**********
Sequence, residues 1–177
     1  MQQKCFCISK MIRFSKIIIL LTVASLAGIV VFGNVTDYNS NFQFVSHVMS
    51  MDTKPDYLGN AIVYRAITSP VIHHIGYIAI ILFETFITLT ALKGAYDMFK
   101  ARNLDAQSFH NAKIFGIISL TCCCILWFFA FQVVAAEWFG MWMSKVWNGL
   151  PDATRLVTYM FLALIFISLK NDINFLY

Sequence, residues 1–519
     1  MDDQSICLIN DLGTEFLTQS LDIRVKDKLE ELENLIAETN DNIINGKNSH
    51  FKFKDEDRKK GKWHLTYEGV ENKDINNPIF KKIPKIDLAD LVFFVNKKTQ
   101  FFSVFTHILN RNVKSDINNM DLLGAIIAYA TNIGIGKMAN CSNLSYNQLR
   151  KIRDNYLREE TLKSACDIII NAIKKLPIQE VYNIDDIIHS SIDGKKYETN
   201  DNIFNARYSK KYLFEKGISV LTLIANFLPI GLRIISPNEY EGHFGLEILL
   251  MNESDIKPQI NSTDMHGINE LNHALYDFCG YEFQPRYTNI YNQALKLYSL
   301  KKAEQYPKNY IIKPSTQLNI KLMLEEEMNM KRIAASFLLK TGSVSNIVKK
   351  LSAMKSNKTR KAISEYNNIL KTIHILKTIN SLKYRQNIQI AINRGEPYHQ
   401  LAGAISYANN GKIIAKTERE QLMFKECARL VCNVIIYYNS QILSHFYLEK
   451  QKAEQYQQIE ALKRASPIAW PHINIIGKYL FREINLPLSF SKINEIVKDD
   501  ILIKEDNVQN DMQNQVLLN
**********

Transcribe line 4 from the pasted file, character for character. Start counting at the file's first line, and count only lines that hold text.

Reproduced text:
   101  ARNLDAQSFH NAKIFGIISL TCCCILWFFA FQVVAAEWFG MWMSKVWNGL